Space policy is finally moving into the 21st century


Nothing has ever happened in space like today. Commercial activity has ERUPTS over the past five years as private space companies have launched rockets, put satellites into orbit, and asked to serve missions to the moon.

But some experts are concerned this surge in activity is ahead of international agreements governing who can be in the field. Most of such policies were written and adopted before the commercial space sector heated up.

Now, countries know they need to update those agreements. This week, the United Nations Institute for Disarmament Research it is done annually The Outer Space Security Conference in Geneva, Switzerland (participants have the option to attend virtually or in person). For two days, diplomats, researchers, and military officials from around the world met to discuss threats and challenges, gun control, and space security. Their conversations provide a window into what the new space policies might look like.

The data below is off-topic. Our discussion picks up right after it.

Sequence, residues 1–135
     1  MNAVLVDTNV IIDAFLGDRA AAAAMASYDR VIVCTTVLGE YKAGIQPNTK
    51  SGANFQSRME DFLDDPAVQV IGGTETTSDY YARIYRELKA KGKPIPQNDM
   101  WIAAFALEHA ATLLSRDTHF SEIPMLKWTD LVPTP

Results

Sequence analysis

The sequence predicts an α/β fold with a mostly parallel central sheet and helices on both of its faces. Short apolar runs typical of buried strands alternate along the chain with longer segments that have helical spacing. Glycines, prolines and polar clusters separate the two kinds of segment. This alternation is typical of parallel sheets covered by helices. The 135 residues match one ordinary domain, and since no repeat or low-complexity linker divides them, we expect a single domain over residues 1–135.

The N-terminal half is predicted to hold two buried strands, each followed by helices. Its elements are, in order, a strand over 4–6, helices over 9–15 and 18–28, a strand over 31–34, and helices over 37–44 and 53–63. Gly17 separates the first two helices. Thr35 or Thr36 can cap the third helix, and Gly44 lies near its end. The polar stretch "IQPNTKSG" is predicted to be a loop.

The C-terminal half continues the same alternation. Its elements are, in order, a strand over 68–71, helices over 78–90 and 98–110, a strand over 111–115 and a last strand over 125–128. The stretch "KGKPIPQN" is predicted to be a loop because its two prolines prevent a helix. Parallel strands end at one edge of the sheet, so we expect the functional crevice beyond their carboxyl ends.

Here are some of the most important picks.

An arms race can cook

Some experts are worried that the gap could be turned into the next battlefield. The use of anti-space technologies is advancing. For example, Russia and China Anti-satellite missile tests have recently been conducted, and the U.S. has long possessed similar capabilities.

“I object that we are watching a firearms career unfold,” he added Benjamin Silverstein, a research fellow for the Carnegie Endowment space project for International Peace. “Perhaps we have already crossed the point where it is wise to focus our primary effort to curb the arms race.”

Silverstein said that instead of being prevented, new policies should focus on minimizing the negative consequences of this arms race. He urged states to use the United Nations and their diplomatic resources to clarify and improve relations between rival actors.



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